Of course periodically politicos sing hosannas about cleaning up the country of such menaces and this Government too made a similar announcement about cutting down the number of liquor licences as recently as a few months back and it was duly given mass coverage in the media as for so many previous promises. Yes they all remain promises, for we are a nation always living on promises and short memories.
After causing a grave crime or an accident, the justice part of it is even more hilarious. Ask seasoned wrongdoers how to beat or even make a mockery of the system. They say first get advise from the prosecuting police officer and he will willingly give which lawyer to retain. The rest is plain sailing. How is it that virtually in all cases prosecuted by police in Magistrate Courts only one or two lawyers are retained repeatedly by accused after accused?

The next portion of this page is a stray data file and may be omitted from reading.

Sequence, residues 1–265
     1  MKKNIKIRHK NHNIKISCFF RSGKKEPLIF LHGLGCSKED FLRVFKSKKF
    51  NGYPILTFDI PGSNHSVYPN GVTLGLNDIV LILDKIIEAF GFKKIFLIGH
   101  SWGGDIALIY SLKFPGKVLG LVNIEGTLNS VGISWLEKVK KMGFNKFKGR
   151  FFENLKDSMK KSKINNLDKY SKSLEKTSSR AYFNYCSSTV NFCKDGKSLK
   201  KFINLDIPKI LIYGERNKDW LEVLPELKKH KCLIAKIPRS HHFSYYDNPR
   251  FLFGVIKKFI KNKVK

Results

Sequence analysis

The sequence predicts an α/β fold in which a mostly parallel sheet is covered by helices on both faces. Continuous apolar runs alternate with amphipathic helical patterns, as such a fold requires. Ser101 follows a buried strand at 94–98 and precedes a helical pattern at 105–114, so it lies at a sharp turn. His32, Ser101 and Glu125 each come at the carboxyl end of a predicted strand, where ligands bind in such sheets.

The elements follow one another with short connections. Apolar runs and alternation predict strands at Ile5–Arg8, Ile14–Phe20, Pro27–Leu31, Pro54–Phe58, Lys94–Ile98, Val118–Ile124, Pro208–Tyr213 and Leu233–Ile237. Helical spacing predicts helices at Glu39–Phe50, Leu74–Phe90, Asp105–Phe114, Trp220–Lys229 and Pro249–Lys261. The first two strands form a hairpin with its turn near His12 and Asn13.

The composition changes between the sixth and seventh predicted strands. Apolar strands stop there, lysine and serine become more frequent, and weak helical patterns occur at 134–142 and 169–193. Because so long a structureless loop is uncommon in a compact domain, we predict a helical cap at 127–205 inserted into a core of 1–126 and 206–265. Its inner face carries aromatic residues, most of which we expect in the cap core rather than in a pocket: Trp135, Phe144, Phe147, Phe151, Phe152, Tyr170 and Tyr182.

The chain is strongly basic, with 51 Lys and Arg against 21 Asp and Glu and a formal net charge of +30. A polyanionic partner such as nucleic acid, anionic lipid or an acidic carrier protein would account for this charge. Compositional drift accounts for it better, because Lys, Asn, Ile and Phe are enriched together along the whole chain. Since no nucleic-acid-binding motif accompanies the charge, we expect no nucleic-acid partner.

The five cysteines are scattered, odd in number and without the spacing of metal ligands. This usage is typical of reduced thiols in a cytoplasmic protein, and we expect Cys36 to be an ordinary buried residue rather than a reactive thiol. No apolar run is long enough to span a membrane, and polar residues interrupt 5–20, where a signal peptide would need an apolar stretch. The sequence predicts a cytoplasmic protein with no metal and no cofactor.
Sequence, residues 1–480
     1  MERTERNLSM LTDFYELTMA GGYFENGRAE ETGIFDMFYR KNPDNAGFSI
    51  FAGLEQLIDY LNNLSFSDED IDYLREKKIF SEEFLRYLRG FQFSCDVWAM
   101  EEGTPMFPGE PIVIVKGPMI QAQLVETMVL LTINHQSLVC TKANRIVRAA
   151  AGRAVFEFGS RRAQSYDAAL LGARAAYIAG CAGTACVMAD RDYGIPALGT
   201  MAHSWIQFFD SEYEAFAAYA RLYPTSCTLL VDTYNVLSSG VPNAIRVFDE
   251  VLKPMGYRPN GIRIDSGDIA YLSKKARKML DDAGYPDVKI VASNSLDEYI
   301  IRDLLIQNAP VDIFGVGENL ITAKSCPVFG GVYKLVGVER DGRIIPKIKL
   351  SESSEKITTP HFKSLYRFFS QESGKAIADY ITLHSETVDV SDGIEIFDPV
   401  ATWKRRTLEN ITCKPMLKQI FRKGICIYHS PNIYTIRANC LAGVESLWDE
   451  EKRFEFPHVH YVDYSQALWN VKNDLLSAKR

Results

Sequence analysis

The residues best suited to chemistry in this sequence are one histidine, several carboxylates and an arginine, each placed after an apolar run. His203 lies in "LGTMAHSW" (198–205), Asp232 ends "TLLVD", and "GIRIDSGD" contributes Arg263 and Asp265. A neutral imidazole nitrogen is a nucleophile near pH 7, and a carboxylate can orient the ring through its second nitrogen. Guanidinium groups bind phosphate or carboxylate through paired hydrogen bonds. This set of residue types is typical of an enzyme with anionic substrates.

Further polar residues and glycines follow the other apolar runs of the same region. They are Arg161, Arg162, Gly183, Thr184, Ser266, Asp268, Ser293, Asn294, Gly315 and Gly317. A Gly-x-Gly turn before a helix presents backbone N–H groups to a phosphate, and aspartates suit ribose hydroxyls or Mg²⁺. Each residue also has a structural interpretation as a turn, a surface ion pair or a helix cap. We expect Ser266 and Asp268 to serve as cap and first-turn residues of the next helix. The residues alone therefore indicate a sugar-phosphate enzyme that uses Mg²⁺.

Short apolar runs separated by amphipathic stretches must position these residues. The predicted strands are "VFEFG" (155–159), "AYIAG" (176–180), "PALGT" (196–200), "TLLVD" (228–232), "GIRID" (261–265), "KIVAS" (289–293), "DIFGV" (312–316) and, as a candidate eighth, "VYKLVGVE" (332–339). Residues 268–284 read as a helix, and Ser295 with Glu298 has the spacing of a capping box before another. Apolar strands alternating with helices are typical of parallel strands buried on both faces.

And in case of a serious accident, they say always surrender by palming at least Rs. 500 to officer involved in the investigation. As one wag sarcastically commented, then they can even make you the victim of the accident! Chief Justice Sarath N. Silva who is taking great pains to clean up the judicial system may fall far short of his expectations unless the above practices are tackled. For having improved infrastructure, trained staff etc. undoubtedly would be of immense help, but this cancer may eat into all that if not dealt with radical measures.